Halifax County’s COVID-19 caseload continues to rise day-over-day, and Mecklenburg County recorded two additional deaths linked to the virus, according to the Virginia Department of Health.
In a one-week period, Halifax County added 16 cases of COVID-19, an illness caused by the coronavirus. There are 57 residents who have been infected since March.
In total, 410 residents of the Southside Health District — an area that encompasses Halifax, Mecklenburg and Brunswick counties — have tested positive for the severe respiratory infection.
The increases come as more areas of Virginia — including Halifax — are reporting cases stemming from travel to Myrtle Beach, South Carolina. The popular vacation destination has become a hot spot for infections in recently weeks. Some localities are asking residents who travel to Myrtle Beach to self-quarantine for a 14-day period when returning. The 14-day window represents the amount of time it could take before someone infected with the virus could show symptoms.
However, Dr. Scott Spillmann, director of the Southside Health District, noted this week that he’s also seen more positive tests recently from people who are either not showing symptoms — considered to be asymptomatic — or they are tested positive days before the illness effects set in.
No new outbreaks have been reported in recent weeks for the Southside Health District.
As of Thursday morning, the health department reported 63,735 cases in Virginia, an increase of 532 in a day. Those cases also include what the department refers to as probable cases, meaning someone is showing the signs of COVID-19 and had contact with someone who was positive.
In Halifax County and the Southside Health District, all of the cases are confirmed by a positive test.
Chase City Health and Rehab Center added two deaths in recent days, according to an online database of outbreaks in nursing homes.
On April 4, the Virginia Department of Health was notified of an outbreak at Sentara Meadow View Terrace where 83 people were infected and 13 died.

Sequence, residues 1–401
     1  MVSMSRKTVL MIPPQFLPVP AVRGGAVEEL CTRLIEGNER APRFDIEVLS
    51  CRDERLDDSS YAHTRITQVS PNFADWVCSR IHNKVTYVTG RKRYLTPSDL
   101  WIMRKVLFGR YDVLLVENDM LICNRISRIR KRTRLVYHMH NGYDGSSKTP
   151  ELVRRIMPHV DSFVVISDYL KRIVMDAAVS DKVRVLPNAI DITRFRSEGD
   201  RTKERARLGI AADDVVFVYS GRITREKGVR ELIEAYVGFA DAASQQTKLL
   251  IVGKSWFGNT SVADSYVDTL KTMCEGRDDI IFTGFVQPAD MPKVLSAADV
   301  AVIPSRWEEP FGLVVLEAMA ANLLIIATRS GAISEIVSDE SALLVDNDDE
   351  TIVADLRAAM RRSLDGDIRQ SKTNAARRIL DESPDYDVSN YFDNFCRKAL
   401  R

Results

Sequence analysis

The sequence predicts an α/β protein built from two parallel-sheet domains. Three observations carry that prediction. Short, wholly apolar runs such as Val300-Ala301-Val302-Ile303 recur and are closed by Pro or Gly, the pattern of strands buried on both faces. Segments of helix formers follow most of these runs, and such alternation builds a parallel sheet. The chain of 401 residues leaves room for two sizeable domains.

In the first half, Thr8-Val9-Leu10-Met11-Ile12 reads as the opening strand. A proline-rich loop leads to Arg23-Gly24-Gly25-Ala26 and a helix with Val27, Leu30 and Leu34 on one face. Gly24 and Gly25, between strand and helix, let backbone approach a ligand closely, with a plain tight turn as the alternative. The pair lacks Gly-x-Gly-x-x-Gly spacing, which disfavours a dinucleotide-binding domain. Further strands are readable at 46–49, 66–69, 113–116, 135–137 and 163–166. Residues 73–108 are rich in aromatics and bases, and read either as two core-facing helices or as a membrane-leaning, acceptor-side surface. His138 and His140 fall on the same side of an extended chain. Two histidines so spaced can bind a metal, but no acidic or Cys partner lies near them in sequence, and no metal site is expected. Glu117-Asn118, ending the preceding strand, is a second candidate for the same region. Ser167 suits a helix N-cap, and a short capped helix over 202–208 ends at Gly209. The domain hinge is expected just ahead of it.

On May 8, the department learned of an outbreak at Chase City Health and Rehab Center. That outbreak sickened 92 people and caused 12 deaths, data shows.
Both outbreaks are listed as “pending closure,” which means there are no longer active cases in those facilities.
On Wednesday, while the commonwealth moved into Phase Three of reopening — a plan that loosens restrictions enacted in March to slow the spread of the virus — Gov. Ralph Northam paused congregating in bars. The governor announced this decision on Tuesday evening, just hours before Phase Three began.
According to the governor’s news release, the decision was made to reduce the likelihood of patrons gathering in bar areas without observing social distancing guidelines. Bar seating and congregating areas of restaurants will remain closed except for those passing through. Restaurants may use non-bar seating in the bar area, as long as a minimum of six feet between tables is provided.
“I am watching what is happening in other states — we are taking a cautious approach as we enter Phase Three and maintaining the current restrictions on bar areas,” said Northam. “In Virginia, our hospitalization rates have fallen, our percentage of positive tests continues to trend downward, and we are conducting more than 10,000 tests each day. We want these trends to continue, but if our public health metrics begin moving in the wrong direction, I will not hesitate to take action to protect the health and safety of our communities.”
While Northam referred to the percentage of positive tests as going down, in recent days that number has ticked up slightly. The metric is a calculation of the percent of people who test positive in relation to the overall tests given.
The commonwealth reached a low of 5.8% on June 23 but has since climbed to 6.2%.
On Thursday there were 1,816 deaths in Virginia attributed to the virus.